The meaning of Christmas: Part 1
As a writer who has always appreciated a good story, the following, emailed to me by a friend, is too good not to share. However, it’s a bit long and due to space limitations, it will publish in two parts (Part 1 today and Part 2 next week).
It’s guaranteed to bring a tear to your eye….it did for me:
George sat in his gas station on a cold Christmas Eve. He hadn’t been anywhere in years since his wife had passed away. It was just another day to him. He didn’t hate Christmas, just couldn’t find a reason to celebrate.
He was sitting there looking at the snow that had been falling when the door opened and a homeless man stepped through. Instead of throwing the man out, George told him to come and sit by the heater and warm up.
“Thank you, but I don’t mean to intrude,” said the stranger. “I see you’re busy, I’ll just go.”
“Not without something hot in your belly,” George replied, handing the man a Thermos full of homemade stew along with freshly brewed coffee.
Just at that moment he heard the “ding” of the driveway bell. There in the driveway was an old ’53 Chevy. Steam was rolling out of the front. The driver was panicked.
“Mister can you help me,” said the driver, with a deep Spanish accent. “My wife is with child and my car is broken.”
George opened the hood. The block looked cracked from the cold, the car was dead, and the tires looked bald.
“You ain’t going in this thing,” George said, turning to go back inside to his office where he fetched the keys to his old truck.
He opened the garage, started the truck and drove it around to where the couple was waiting. “Here, take my truck,” he said.
George helped put the woman in the truck and watched as it sped off into the night.
He walked back inside the office finding that the hungry stranger was gone, but George smiled when he saw the Thermos was empty with a used coffee cup beside it.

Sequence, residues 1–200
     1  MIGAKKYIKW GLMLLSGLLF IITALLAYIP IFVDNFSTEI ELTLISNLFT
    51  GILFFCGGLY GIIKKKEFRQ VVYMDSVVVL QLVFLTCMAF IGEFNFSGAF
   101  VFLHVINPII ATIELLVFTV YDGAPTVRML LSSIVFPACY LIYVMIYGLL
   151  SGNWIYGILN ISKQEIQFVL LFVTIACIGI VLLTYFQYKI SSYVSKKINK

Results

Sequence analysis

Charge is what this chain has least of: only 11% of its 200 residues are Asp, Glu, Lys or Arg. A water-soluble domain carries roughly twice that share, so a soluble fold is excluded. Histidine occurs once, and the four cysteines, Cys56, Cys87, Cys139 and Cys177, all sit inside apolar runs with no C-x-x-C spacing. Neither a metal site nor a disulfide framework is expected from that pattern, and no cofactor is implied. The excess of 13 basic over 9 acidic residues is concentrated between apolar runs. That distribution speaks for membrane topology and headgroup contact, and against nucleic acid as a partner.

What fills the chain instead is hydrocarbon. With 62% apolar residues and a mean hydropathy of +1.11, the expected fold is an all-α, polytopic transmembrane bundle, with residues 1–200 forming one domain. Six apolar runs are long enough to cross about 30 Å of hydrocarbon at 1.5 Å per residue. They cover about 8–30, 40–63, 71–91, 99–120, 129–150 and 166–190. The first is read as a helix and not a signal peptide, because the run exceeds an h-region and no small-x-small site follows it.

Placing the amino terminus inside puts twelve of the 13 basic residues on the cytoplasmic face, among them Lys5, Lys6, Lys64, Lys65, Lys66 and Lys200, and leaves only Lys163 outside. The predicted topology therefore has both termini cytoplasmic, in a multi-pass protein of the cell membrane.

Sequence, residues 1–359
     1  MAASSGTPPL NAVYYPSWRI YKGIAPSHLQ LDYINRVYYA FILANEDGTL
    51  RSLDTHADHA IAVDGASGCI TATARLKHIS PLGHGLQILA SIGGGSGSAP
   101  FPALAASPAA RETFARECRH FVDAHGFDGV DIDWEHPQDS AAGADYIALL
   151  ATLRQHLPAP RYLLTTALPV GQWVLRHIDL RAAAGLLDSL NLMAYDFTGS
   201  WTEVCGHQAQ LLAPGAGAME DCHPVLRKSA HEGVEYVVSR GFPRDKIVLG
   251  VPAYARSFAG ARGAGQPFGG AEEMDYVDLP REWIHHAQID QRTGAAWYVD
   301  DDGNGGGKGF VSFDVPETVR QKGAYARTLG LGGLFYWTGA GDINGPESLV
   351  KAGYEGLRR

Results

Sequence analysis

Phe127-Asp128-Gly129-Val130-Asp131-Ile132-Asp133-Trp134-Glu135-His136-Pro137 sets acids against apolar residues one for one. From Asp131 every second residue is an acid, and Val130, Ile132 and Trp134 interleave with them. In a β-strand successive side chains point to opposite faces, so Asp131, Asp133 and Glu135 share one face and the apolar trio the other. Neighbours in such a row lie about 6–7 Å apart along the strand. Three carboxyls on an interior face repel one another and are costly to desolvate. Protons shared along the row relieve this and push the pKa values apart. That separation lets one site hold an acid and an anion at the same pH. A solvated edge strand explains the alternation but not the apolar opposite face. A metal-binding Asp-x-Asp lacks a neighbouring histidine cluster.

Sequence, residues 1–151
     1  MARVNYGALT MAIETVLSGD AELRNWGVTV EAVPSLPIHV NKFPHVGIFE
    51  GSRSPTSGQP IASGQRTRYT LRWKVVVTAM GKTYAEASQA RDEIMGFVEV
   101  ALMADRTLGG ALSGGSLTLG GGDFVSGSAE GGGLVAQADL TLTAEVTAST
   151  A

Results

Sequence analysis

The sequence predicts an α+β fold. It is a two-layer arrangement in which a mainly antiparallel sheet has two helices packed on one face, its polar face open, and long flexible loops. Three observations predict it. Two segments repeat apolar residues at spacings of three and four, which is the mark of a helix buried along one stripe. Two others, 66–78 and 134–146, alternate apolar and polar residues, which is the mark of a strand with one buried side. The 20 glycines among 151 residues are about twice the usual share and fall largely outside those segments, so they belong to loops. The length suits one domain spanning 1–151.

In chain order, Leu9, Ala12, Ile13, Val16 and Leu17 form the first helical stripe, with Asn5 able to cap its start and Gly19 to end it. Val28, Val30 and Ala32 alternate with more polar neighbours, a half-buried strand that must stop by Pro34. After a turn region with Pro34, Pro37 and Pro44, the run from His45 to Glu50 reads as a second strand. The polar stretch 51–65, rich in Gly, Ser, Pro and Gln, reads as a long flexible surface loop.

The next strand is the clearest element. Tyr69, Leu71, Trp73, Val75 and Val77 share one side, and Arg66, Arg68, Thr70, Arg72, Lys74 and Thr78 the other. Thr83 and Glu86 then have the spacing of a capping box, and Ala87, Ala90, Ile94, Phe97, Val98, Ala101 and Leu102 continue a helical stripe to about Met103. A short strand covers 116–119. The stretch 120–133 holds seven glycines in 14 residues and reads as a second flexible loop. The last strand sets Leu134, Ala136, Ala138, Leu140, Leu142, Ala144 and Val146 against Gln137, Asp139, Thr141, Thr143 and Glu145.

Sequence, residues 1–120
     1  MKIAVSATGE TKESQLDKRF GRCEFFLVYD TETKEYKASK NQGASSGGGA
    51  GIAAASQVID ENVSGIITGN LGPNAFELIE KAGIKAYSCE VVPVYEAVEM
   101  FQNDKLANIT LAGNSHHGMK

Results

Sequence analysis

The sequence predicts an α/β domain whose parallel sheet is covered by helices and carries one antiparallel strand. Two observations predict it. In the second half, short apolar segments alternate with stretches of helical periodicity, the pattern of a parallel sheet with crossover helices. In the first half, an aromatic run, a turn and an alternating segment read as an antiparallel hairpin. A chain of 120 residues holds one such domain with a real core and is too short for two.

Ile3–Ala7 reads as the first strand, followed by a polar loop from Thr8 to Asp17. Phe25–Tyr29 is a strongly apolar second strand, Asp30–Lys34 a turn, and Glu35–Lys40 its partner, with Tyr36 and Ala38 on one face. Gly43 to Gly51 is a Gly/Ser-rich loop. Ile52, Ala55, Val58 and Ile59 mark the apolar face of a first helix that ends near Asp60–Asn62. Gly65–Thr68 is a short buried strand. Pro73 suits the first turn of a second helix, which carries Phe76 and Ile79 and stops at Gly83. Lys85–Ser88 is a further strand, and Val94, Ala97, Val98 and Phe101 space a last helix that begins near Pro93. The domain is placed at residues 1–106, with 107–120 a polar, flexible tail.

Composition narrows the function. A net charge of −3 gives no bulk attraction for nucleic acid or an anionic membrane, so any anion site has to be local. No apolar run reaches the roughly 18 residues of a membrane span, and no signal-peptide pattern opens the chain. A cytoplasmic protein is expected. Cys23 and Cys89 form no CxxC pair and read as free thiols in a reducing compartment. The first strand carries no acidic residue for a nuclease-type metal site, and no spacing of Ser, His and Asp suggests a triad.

“Well, at least he got something in his belly,” George thought.
George thought he would tinker with the old Chevy. He discovered the block hadn’t cracked, it was just the bottom hose on the radiator. He replaced the hose with a new one and then took the snow treads off of his wife’s old Lincoln and put ‘em on the Chevy. They were like new and he wasn’t going to drive the car anyway.
As he was working, he heard shots being fired. He ran outside and beside a police car an officer lay on the cold ground. Bleeding from the left shoulder, the officer moaned, “Please help me.”
George helped the officer inside as he remembered the training he had received in the Army as a medic. He knew the wound needed attention.
“Pressure to stop the bleeding,” he thought. The uniform company had been there that morning and had left clean shop towels. He used those and duct tape to bind the wound and gave the officer some pills George had used for old aches to help ease the officer’s pain.
“You hang in there, I ‘m going to get you an ambulance,” he told the wounded officer.
However, the phone line was dead.
“Maybe I can get one of your buddies on the police radio out in your car,” George said.
He went out only to find that a bullet had gone into the dashboard destroying the two-way radio.
George went back in to find the policeman sitting up.
“Thanks,” said the officer. “You could have left me there. The guy that shot me is still in the area.”
George pulled back the bandage to check for bleeding.
“The bullet passed right through ‘ya. Good thing it missed the important stuff though.”
The front door of the office flew open. In burst a young man with a gun. “Give me all your cash and do it now,” the young man yelled.
See next week’s edition for part 2.
Cal Bryant is the Editor of Roanoke-Chowan Publications. Contact him at firstname.lastname@example.org or 252-332-7207.